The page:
WASHINGTON — A red-faced Rep. George Miller refusing to yield his time to a Republican lawmaker highlighted the simmering partisan tension at Tuesday’s House committee hearing on education reform.

The session amounted to a debate between majority Republicans wanting to give power to states to run their schools, and Democrats cautioning that the lack of federal oversight would have negative consequences.

“A serious attempt to rewrite ESEA (Elementary and Secondary Education Act) would involve consensus building and bipartisanship…” Miller said. “It would not turn its back on the civil rights promise of this nation: that every child deserves a fair shot at success, no matter their background.”

However, many Republican members supported the legislation’s intent to give power back to the states to improve their schools while using federal dollars at their own discretion.

Two bills, the Student Success Act and the Encouraging Innovation and Effective Teachers Act were part of the reauthorization of No Child Left Behind, the landmark education reform law signed by President Bush in 2002. NCLB has been due for an overhaul  since 2007, but lawmakers have been unable to reach agreement.

On Tuesday, the two new bills were approved in committee and recommended for passage by the full House in identical votes of 23 to 16.

The GOP-backed proposals aim to improve teacher effectiveness and school quality, and also give states flexibility in how they use federal money.

A substitute bill by committee Democrats to all but rewrite the Student Success legislation through an amendment was resoundingly defeated by Republicans. The Democratic plan would have required oversight of the standards created by states. The defeated amendment would have also barred diversion of federal funds meant for disadvantaged students to other purposes.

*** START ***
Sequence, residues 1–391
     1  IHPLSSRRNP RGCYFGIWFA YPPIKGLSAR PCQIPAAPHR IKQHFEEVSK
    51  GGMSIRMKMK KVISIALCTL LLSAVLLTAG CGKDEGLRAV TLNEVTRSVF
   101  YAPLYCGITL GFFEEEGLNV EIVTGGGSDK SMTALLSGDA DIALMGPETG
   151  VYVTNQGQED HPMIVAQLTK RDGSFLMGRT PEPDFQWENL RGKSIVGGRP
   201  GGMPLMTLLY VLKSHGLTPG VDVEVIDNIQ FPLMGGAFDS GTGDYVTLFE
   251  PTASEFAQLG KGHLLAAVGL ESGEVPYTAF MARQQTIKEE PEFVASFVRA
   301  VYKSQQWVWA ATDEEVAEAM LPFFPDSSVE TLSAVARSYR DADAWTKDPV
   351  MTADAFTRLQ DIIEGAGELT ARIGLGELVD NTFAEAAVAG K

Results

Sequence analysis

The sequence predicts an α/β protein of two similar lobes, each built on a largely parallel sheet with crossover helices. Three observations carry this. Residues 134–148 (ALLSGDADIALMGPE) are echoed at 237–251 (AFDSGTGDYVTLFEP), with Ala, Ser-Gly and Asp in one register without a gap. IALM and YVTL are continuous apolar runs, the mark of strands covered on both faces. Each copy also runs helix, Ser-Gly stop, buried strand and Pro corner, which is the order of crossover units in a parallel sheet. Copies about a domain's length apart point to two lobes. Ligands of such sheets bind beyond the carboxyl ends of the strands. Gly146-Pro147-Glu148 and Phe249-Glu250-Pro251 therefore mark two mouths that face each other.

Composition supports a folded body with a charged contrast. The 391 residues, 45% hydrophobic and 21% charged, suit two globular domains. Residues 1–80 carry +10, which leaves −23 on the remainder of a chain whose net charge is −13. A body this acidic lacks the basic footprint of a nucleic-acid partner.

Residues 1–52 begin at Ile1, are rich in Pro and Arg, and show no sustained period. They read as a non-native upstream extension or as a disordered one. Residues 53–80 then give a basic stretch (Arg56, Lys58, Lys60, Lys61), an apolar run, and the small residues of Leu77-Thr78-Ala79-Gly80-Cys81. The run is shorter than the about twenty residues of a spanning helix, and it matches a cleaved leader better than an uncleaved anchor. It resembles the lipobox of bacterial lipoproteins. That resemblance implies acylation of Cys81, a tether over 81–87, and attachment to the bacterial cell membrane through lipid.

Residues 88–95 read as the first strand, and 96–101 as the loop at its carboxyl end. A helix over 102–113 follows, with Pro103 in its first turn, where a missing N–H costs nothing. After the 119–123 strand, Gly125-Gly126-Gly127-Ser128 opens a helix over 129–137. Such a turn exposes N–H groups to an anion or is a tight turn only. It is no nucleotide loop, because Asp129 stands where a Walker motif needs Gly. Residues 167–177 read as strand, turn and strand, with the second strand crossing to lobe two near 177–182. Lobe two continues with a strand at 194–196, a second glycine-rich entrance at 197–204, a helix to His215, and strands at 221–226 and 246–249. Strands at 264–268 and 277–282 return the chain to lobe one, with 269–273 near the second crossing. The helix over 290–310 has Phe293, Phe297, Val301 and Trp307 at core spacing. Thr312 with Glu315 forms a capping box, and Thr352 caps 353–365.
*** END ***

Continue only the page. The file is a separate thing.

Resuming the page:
“(The House bill) seems to focus more on ideology, quite frankly, than equity,” said Rep. Susan A. Davis, D-Calif., who supported the Democratic substitution.

In the Student Success Act, House Republicans will hand over authority to state and local governments to create their own accountability measures for schools’ success, measuring the effectiveness of teachers, and creating academic assessments.

Many Democrat members argued that the bill, if passed, would ignore the needs of specific students such as minorities, those with disabilities or those from low-income communities.

Rep. Dale E. Kildee, D-Mich., said he worried about the future of students with special needs and in “special situations,” if all of the programs catering to these students were placed under the Title I umbrella. Title I funding is designated for disadvantaged students with the aim of closing achievement gaps in schools.

“When you take a program and throw it all into one section, you lose the identity of that program,” Kildee said. “…And then when you lose the identity of the program, historically you’ll find out that you begin to lose some of the advocacy of the program…and then, for sure, you begin to lose funding.”

After the Democrats’ sweeping amendment was voted down, two Republican amendments to the act were passed. One amendment would end the process of providing populous school districts with more Title I funding than smaller, yet higher poverty, school districts.

Both amendments were strict partisan votes, underlining the inability of both parties to agree.

The Senate’s version of education reform was approved by the body’s education committee with bipartisan support last October.

Rep. Carolyn McCarthy, D-N.Y., said, the Republicans’ victory would not mean much down the road.

“It’s better to have a good bipartisan bill than a bill that unfortunately, it might get onto the floor for a vote, but it’s not going anywhere,” McCarthy said. “And so we have just wasted another year.”